Fight the Creeping Bulge
Winter is hard on me. During the spring, summer, and fall, I'm a regular exerciser. Benedict and I can be seen on our 4 mile circuit almost every day. When winter sets in, we're infrequent, if ever. I don't want to go out in the cold or the snow or on the salty road. Benedict, I'm sure, doesn't appreciate the cold wind on his face. It's usually during the middle of winter that I notice the creeping bulge.
If I'm not careful (and I haven't been this year), my weight will start to catch me from behind. All of my hard work is slowly but surely erased. By the time spring comes around, I've got a good deal of ground to cover to get back to where I was at the end of fall. The creeping bulge is very telling. Health is either improving or declining; it's rarely in neutral.
Getting healthy requires a lot of hard work. It requires us to tell ourselves "no" often. It's not just that exercise can be uncomfortable. Regular exercise is often impeded by weather, the time that it requires, or even travel. How many times have you taken your workout gear on the road with you and never made it to the hotel gym? On top of all of that, health is a two-part equation. Not only do you need to increase your exercise, you have to limit your intake. That means resisting some of the most delicious treats cuisine has to offer. It can also make parties and visiting family difficult.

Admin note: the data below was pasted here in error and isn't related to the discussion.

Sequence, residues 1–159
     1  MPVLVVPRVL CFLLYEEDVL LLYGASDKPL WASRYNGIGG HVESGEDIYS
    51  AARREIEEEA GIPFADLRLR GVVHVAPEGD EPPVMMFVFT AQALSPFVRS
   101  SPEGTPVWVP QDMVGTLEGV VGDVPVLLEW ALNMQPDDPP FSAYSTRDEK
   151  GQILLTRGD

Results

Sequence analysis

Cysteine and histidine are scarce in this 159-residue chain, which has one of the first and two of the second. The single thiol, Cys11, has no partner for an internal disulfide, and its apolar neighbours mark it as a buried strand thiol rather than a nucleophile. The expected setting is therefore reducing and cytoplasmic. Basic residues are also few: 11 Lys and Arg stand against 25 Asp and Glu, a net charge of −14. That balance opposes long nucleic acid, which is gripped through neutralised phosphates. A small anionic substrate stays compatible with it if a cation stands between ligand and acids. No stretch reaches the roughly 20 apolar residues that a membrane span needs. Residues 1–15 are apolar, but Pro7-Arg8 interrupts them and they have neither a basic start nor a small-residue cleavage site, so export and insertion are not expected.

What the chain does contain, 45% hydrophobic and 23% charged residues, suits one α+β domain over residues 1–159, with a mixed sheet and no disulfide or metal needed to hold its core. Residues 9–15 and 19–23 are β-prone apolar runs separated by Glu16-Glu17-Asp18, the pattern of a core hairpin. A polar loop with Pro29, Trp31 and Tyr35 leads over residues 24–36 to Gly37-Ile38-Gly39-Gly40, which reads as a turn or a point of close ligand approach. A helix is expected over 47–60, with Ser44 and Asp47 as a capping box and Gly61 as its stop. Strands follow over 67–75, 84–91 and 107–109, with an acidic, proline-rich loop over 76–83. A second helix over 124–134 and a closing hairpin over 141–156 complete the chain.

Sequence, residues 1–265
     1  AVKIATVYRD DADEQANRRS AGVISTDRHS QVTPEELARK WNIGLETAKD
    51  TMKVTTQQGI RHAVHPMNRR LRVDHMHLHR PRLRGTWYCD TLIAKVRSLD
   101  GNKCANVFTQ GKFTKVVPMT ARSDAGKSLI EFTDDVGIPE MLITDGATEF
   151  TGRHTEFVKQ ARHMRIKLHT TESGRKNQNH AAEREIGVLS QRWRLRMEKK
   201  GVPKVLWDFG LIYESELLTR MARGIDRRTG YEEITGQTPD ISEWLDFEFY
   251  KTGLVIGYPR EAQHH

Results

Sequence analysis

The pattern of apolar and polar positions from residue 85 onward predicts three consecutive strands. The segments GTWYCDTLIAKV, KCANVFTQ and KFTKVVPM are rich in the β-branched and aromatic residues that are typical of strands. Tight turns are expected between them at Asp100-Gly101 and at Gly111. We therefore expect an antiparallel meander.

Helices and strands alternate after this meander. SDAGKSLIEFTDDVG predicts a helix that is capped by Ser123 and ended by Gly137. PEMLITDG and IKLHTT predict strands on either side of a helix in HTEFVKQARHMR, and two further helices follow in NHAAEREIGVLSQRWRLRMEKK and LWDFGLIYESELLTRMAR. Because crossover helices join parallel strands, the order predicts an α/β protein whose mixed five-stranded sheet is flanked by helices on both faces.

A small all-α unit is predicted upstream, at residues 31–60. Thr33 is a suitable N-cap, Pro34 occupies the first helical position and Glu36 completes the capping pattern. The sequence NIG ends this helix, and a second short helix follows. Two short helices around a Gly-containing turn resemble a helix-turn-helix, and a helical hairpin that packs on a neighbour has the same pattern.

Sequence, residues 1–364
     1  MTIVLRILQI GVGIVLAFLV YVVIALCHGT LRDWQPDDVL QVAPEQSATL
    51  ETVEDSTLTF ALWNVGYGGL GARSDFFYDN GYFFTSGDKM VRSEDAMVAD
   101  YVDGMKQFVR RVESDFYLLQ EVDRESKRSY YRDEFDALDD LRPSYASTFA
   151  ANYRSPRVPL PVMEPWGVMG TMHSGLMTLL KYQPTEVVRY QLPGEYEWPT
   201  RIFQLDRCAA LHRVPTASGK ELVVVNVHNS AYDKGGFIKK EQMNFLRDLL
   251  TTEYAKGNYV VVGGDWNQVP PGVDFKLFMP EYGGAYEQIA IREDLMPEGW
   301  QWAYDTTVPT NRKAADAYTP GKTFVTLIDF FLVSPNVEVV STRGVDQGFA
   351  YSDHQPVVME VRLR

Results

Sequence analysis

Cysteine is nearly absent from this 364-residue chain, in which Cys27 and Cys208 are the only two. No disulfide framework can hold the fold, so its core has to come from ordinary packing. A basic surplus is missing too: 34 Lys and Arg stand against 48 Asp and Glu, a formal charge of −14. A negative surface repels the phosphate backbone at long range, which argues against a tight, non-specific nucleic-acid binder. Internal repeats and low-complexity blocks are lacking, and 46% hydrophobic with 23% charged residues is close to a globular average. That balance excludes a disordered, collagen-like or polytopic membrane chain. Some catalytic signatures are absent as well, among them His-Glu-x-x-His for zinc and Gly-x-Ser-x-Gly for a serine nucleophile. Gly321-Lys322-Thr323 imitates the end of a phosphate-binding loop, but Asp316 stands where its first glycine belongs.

Once you've put in the effort and done the work, the next challenge is to not let it go to waste. As with the creeping bulge of winter, it can be easy in any time or season to slip. This is where we need to examine our approach. Are we following a fad diet or making lifestyle changes? Improving health should never be seen as a short term objective. A long term attitude, approach, and plan will always outperform any short term gains.
We will all face the creep at one time or another. The best way to beat it is to stop it in its tracks. An early warning system, like a scheduled weekly weigh-in, can be the best tool for detecting impending danger. Patterns will emerge and let you know it's time for corrective action. Action is the second piece to the puzzle. Seeing the warnings and responding appropriately will help you reverse any negative trend. Those actions might be increased discipline in working out or perhaps better menu planning and grocery shopping.
We're all in this fight. Our health is our greatest asset and once it's gone, it's gone. Have the courage to fight the creeping bulge.